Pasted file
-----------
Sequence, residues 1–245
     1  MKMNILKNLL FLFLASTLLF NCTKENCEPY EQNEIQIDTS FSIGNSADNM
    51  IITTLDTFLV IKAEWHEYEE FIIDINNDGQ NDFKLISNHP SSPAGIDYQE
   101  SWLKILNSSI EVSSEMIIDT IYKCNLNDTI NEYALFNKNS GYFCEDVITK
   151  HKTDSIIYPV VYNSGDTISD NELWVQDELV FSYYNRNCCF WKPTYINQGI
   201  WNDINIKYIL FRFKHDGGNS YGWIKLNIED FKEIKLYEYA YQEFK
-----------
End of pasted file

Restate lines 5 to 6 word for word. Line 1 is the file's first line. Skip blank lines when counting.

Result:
   151  HKTDSIIYPV VYNSGDTISD NELWVQDELV FSYYNRNCCF WKPTYINQGI
   201  WNDINIKYIL FRFKHDGGNS YGWIKLNIED FKEIKLYEYA YQEFK